Fast Fact 1: The top two causes of death globally are;

  1. Cardiovascular disease (heart pathology).
  2. Cancer.

Fast Fact 2: Smoking costs the National Health Service (NHS) in England £2bn (R34bn!) a year for treating diseases caused by smoking.

On the 10th anniversary of the UK’s indoor smoking ban; NH21 Weekly is happy to report that the world is not flat after all, and that a reduction in smoking is (unsurprisingly) associated with better health!

A cornerstone of natural health practice is the removal of obstacles to health. Such a stance assumes, somewhat controversially, that the human body is most commonly born in perfect working order; and only begins to malfunction when lifestyle and behavioural characteristics are added to the equation later in life. In short, we often create our own ill health.

Thus we have prophylactic health (see NH21 Weekly ‘Just in case’ from 2nd June 2017) whereby preventative health measures are taken, before the onset of ill-health symptoms, to lower the chances of ever becoming sick.

An esoteric notion? Not at all… The World Health Organization state that;

“One-third of all deaths from cancer are directly due to the five leading behavioural and dietary risks; being a high body-mass-index (excess weight), low intake of fruits and vegetables, lack of physical activity, tobacco and alcohol use.” (1)

And, according to the American Society of Clinical Oncology, although the potential causes of cancer are numerous and complex; statistics indicate that they can be placed into the following groups; the majority of which are encouraged through factors that each individual could conceivably mitigate themselves;

  • Genetics and family history (5-10%)
  • Obesity and dietary habits (35%)
  • Environmental influences (25%)
  • Lifestyle factors (30%)


Unfortunately, modern-day homo sapiens are not, it seems, inclined to implement such simple changes without a little encouragement from The Man; which duly arrived on the 1st July 2007 when smoking was banned from all indoor public places including pubs, bars, restaurants, shops and offices.

Statistics collated by Public Health England (PHE) show the number of smokers aged 35-and-over dying from heart attacks and other cardiac conditions has dropped by over 20% since 2007; and that fatalities from a stroke are 14% down. (2)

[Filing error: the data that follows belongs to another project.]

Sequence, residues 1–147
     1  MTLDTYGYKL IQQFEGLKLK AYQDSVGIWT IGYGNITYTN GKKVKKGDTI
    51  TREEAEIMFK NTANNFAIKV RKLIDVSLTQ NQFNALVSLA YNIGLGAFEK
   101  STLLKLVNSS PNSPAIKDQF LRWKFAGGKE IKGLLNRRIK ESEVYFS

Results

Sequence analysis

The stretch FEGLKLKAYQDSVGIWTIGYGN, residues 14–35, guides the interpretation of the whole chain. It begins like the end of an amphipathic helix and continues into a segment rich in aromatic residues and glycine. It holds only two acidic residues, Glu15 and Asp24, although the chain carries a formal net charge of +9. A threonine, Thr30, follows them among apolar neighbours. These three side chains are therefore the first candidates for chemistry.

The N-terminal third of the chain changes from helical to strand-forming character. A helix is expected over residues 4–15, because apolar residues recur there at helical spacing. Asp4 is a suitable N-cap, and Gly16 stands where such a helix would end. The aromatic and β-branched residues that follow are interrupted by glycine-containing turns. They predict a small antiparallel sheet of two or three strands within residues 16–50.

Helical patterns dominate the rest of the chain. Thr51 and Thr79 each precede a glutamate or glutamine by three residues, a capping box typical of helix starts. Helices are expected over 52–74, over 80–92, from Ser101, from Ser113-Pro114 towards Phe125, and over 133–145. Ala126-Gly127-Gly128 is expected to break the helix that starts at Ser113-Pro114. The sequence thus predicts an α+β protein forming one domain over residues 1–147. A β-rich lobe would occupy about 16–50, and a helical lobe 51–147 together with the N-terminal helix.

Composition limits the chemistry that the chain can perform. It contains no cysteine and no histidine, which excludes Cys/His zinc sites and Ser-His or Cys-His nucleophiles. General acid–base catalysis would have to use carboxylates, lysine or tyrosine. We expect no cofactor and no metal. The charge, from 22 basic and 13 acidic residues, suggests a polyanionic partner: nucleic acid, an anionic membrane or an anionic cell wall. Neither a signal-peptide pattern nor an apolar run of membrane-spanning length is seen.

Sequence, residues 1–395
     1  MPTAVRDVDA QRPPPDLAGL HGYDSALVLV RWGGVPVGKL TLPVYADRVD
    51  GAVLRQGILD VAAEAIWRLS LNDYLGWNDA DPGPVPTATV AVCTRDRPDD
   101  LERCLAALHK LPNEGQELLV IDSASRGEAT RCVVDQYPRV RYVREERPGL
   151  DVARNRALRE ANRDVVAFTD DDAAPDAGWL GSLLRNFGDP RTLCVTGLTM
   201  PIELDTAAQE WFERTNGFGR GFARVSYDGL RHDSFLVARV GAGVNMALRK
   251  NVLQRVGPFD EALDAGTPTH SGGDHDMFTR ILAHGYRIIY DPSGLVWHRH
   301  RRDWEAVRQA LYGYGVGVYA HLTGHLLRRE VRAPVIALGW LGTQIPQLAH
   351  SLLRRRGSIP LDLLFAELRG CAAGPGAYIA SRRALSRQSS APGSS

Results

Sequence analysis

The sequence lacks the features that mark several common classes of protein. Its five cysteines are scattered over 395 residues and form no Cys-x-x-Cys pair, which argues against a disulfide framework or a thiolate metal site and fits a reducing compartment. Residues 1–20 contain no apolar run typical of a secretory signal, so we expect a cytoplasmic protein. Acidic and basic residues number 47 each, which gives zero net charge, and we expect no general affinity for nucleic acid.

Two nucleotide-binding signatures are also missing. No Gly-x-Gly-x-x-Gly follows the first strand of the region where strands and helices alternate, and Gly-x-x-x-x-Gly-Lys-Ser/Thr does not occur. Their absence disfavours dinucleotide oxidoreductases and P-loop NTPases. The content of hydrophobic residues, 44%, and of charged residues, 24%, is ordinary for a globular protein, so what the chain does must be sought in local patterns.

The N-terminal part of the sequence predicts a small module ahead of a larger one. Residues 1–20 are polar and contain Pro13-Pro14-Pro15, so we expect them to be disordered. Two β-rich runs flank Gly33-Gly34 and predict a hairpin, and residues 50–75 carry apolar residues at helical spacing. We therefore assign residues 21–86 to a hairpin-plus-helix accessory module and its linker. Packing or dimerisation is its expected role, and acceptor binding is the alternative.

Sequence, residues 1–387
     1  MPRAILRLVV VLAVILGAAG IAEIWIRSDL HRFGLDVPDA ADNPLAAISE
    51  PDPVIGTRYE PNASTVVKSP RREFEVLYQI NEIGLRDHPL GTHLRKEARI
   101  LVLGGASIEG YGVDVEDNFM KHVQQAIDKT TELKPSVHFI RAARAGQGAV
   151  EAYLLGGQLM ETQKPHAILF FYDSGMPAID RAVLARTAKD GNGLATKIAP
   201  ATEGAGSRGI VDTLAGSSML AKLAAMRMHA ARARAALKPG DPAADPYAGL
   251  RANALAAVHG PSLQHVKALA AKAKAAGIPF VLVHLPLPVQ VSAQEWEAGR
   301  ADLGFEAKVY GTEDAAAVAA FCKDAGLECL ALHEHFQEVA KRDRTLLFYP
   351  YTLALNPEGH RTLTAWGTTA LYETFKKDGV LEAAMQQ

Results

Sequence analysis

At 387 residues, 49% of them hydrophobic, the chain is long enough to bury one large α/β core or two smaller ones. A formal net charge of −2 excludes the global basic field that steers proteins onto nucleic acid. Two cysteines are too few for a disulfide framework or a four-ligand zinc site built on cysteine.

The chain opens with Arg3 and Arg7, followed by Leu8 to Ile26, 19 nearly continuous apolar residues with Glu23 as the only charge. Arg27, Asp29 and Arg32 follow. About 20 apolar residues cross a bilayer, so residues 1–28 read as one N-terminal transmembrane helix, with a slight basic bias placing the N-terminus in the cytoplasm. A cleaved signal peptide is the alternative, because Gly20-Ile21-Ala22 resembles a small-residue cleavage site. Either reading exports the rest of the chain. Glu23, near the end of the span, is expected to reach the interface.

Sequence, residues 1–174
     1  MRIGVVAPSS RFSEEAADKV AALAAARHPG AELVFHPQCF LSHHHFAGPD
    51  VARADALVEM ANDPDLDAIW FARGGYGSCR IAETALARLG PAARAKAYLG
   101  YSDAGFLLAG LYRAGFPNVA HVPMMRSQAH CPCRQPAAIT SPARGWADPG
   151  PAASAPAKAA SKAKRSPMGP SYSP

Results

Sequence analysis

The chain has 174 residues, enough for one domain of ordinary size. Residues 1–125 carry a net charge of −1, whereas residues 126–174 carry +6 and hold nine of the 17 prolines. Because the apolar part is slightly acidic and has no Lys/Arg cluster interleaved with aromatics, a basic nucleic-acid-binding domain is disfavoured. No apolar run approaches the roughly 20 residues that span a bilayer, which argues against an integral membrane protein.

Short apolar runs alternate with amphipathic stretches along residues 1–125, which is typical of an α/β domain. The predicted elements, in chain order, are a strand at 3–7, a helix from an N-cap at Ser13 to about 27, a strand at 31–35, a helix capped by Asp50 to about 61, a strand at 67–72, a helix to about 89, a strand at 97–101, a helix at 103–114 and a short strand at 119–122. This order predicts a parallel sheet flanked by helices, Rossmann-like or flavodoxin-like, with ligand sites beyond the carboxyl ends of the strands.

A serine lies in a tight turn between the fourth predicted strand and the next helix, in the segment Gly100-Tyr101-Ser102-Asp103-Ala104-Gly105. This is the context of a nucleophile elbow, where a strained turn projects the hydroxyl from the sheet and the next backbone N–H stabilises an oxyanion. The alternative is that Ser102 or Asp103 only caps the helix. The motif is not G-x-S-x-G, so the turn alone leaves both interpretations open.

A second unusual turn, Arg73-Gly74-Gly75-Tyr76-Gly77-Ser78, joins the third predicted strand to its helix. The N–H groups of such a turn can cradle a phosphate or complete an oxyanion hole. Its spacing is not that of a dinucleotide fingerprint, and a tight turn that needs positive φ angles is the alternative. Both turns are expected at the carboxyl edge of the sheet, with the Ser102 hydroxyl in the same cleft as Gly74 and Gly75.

PHE chief executive Duncan Selbie, hailed the figures as proof of the ban’s huge beneficial impact on health;

“The law has played a key part in the huge cultural change we have seen in the past decade, especially among younger people, a change that has literally saved thousands from disabling chronic diseases and premature death.”

“The smokefree legislation has been extraordinary in the way we now experience and enjoy pubs, clubs, restaurants and so many other public places. It was undoubtedly the single most important public health reform in generations.” (3)


From Selbie once more;

“We’ve seen cigarettes stubbed out in public places, become far less visible in shops and had large graphic warnings put on packs starkly explaining what these things do to the human body – and all the misery and death they cause.”

“Its legacy has had a phenomenally positive impact on societal attitudes to smoking. Smokers have seized the opportunity by quitting in unprecedented numbers and of those still smoking, half have chosen to smoke outside their own homes to protect their families from secondhand smoke.”

There will always be detractors, those who feel aggrieved at the perception of a ‘nanny state’ and the rule of law diminishing their ‘human right’ to live as they please; which is true up until the inevitable point they require resource-expensive medical care.

There are others who celebrate this milestone as proof, if it were needed, that we can pay our health forward and mitigate the risk of developing unnecessary health issues; thereby freeing up precious resource and expertise for those who need healthcare for conditions that they did not bring upon themselves.

NH21 sits firmly in the latter camp, saddened only that it takes government enforcement to get such simple messages across to the masses.

Happy 10th Anniversary to the Health Act of 2006, may the figures continue to plummet for another decade and longer!